If man is hopelessly religious, what happens when society’s scientific elites teach that religion is groundless? G. K. Chesterton once said, “When people stop believing in God, they don’t believe in nothing — they believe in anything.” The new atheists claim to base their beliefs on scientific evidence. They have no need for religious teachings or rituals. Is it not strange, then, to see the attraction of secularists to movements that give the appearance of new religious forms? Is there something innate in human nature that cries out for the sense of ultimate purpose and connection to the divine that religions have traditionally provided? Three recent examples of near-cult experiences may be illuminating.

Book Review: The Days of Lamech

To Biblical creationists, the period before the Flood lasted some 2,000 years – an immense span of time for humans with an explosive mix: high intelligence and a murderous sin nature. Yet the Bible provides few details about this period. How far did civilization proceed? What technologies did they develop? We know from Genesis they lived long, built cities, worked metals, made musical instruments, and mastered farming. We also know that the world was filled with violence. A new novel explores the possibilities of that tantalizing past. Building on the success of his first novel The Days of Peleg, novelist Jon Saboe has just published the long-awaited prequel, a drama set in the height of the antediluvian civilization: The Days of Lamech.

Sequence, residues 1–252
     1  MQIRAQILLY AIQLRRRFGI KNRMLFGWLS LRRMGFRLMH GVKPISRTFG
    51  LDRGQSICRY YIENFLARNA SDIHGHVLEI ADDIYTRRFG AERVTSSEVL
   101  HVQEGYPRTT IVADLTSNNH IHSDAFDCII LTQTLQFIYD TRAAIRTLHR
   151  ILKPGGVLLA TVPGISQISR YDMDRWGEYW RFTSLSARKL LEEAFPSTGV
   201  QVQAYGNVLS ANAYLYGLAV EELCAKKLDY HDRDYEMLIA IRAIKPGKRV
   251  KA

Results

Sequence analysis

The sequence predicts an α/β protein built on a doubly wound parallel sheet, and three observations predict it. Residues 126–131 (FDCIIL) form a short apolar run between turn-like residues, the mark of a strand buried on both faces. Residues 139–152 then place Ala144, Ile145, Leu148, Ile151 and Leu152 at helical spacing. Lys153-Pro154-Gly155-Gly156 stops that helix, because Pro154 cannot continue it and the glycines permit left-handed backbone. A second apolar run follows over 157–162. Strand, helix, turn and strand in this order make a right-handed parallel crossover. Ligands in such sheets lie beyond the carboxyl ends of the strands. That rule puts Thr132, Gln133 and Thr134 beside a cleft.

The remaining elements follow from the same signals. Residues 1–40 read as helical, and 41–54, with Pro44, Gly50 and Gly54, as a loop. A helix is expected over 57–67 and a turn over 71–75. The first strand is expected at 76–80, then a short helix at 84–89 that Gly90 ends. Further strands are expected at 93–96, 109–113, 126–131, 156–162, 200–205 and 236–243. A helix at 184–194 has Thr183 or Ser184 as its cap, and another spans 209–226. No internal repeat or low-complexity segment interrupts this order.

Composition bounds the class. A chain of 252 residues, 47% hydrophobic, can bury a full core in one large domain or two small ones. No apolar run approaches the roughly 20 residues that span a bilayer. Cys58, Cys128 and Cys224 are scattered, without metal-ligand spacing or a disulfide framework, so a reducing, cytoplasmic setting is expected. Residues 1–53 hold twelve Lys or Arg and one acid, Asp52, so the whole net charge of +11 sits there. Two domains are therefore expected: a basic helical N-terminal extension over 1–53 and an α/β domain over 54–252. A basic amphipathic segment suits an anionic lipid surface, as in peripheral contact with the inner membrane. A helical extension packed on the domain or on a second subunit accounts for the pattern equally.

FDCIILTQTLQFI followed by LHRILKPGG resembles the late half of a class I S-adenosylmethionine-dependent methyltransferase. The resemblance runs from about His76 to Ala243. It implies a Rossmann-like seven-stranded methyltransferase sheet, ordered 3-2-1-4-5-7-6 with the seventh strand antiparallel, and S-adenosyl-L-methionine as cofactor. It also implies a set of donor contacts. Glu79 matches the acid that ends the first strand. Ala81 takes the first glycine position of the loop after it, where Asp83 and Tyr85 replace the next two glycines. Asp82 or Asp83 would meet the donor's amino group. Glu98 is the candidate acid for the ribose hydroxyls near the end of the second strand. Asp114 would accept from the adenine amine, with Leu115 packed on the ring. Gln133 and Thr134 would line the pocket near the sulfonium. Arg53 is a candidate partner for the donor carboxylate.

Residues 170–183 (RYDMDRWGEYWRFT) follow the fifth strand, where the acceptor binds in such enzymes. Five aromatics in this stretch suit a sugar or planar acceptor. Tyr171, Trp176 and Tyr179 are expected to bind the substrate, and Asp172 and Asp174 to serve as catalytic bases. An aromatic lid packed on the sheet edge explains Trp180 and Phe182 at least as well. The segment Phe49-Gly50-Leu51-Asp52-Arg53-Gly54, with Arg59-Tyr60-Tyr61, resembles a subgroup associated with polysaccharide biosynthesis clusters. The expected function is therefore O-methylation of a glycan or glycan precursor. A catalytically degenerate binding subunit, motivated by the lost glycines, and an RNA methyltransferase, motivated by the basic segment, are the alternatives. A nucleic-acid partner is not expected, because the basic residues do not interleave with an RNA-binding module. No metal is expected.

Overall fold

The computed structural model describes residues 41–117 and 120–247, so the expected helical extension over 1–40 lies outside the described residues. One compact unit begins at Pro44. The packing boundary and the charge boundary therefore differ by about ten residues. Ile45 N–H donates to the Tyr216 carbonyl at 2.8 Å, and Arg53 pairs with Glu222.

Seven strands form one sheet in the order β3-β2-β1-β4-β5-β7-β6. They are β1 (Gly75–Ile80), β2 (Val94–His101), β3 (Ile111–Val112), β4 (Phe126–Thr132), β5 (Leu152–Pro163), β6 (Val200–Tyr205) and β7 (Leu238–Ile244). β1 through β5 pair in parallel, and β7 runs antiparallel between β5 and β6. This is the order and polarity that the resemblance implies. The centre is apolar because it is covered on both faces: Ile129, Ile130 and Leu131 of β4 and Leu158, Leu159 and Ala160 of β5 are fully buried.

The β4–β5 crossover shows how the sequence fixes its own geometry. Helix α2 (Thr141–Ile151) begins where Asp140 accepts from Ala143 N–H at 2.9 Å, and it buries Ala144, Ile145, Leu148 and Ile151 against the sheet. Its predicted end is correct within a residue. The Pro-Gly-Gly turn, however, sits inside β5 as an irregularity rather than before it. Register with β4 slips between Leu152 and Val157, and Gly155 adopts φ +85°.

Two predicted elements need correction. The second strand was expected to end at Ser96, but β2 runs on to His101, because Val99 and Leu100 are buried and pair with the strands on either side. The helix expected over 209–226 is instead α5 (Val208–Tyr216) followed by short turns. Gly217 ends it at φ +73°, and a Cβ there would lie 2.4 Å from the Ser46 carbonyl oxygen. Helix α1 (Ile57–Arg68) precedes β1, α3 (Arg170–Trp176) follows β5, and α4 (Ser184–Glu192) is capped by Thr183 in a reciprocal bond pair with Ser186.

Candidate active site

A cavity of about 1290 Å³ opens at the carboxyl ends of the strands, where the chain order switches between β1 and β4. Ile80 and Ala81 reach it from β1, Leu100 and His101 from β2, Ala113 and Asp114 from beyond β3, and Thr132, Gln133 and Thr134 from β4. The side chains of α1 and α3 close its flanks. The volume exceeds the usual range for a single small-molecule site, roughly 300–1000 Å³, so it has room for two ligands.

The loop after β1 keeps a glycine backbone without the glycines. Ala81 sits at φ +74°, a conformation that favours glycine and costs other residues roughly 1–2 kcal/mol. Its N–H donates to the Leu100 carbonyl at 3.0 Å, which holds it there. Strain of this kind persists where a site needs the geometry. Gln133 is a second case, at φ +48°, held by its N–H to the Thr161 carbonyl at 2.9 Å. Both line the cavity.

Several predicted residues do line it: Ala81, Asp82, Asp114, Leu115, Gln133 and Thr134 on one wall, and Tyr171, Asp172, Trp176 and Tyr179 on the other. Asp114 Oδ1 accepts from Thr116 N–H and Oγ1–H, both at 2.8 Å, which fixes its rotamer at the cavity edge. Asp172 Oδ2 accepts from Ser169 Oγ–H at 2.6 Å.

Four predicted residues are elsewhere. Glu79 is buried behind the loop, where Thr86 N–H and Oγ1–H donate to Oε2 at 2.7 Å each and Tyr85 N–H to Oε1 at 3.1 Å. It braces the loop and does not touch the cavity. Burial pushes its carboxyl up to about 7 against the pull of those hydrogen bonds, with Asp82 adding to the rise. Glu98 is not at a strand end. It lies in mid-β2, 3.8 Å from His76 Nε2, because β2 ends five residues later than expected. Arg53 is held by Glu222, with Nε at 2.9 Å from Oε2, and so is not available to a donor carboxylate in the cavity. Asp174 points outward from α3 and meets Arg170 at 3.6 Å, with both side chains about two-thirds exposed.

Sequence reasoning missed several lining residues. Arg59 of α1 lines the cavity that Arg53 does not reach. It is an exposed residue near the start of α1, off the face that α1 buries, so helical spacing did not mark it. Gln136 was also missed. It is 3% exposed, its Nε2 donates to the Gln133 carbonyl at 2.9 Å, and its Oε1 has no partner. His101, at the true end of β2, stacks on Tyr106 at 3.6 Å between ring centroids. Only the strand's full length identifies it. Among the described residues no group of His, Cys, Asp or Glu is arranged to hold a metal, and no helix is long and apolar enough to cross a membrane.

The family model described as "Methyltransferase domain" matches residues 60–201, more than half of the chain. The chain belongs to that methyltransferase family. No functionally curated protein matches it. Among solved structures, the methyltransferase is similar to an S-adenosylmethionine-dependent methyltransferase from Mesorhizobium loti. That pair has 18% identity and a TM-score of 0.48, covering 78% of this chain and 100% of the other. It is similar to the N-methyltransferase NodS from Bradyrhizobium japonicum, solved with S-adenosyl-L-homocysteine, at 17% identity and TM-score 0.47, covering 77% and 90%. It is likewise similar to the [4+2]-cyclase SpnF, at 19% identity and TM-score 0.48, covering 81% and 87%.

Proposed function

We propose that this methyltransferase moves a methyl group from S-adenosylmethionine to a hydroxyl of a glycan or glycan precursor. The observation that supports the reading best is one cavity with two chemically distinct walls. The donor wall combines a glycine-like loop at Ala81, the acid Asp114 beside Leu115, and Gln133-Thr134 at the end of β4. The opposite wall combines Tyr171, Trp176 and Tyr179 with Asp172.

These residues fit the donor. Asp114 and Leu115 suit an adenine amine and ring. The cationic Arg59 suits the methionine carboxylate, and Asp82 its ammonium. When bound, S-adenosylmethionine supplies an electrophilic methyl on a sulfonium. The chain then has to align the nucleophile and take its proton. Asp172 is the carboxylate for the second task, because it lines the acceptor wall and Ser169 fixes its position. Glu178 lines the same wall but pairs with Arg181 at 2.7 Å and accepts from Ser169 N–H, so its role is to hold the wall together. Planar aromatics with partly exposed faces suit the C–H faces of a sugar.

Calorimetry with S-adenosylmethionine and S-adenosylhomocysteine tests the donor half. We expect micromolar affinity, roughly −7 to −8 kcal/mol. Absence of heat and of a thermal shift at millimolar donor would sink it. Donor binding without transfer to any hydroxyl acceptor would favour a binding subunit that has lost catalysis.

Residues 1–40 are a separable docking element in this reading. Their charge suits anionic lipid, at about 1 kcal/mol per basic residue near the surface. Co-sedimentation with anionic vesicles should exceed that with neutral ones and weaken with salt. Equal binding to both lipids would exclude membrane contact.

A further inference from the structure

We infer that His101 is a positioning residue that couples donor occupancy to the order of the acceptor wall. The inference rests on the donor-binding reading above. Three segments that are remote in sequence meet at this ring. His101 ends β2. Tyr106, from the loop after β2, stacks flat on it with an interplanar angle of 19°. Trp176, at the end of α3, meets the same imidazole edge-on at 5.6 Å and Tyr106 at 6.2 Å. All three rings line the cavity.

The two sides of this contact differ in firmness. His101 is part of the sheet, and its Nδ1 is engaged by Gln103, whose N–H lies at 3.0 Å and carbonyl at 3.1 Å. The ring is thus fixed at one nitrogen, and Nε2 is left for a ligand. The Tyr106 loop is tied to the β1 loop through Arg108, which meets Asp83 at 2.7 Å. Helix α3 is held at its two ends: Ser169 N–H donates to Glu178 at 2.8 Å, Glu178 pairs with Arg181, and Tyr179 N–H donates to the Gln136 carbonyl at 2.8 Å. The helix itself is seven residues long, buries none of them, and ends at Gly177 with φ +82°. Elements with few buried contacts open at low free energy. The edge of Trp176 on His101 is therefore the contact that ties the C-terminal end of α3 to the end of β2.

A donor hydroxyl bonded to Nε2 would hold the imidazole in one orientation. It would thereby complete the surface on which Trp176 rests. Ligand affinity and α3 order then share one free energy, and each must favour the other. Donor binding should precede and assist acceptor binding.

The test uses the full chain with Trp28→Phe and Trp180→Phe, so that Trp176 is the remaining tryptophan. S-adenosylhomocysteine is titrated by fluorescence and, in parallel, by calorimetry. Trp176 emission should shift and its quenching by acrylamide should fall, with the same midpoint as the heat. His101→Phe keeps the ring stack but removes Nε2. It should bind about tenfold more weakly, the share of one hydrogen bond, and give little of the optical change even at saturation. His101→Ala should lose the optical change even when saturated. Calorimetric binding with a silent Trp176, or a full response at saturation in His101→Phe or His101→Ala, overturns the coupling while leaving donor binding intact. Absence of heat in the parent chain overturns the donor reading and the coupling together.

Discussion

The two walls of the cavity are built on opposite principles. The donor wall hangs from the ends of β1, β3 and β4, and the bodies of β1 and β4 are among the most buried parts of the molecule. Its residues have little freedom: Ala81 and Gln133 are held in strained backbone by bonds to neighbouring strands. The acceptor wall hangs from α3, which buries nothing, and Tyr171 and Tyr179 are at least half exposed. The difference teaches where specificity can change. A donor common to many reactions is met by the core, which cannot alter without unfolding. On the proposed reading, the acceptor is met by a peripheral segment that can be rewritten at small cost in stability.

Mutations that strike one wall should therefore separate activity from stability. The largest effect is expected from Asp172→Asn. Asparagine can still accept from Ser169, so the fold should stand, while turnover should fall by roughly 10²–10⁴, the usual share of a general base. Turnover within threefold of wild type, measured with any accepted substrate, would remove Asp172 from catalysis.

When Science Gets Political

The classic view of the scientist as an unbiased observer of nature was shattered with the development of the atomic bomb. Suddenly, it became apparent to the physicists working out the equations of nuclear fission could not absolve themselves completely of responsibility for the political uses of their research. Yet since the days of the French Academy of Sciences in the 17th century, kings and other rulers have called on natural philosophers to inform their decisions. These days, scientific institutions state political opinions at will. Some recent news items show them inserting their opinions beyond what the data alone might indicate.

Pagan Gods Launched into Space

The latest Jupiter probe from NASA is named Juno, after the name of the wife of Jupiter, Roman chief of the gods. Launched today (August 5), the Juno spacecraft will use Earth for gravity assist in a complex path, to arrive at Jupiter in 2016, where it will study the largest planet from a polar orbit. As “part of a joint outreach and educational program developed as part of the partnership between NASA and the LEGO Group to inspire children to explore science, technology, engineering and mathematics,” according to a press release from the Jet Propulsion Lab, the spacecraft carries 1.5-inch likeness of three figures: Galileo Galileo, who discovered Jupiter’s moons, the Roman god Jupiter, and his wife Juno.

Brave New Chimeras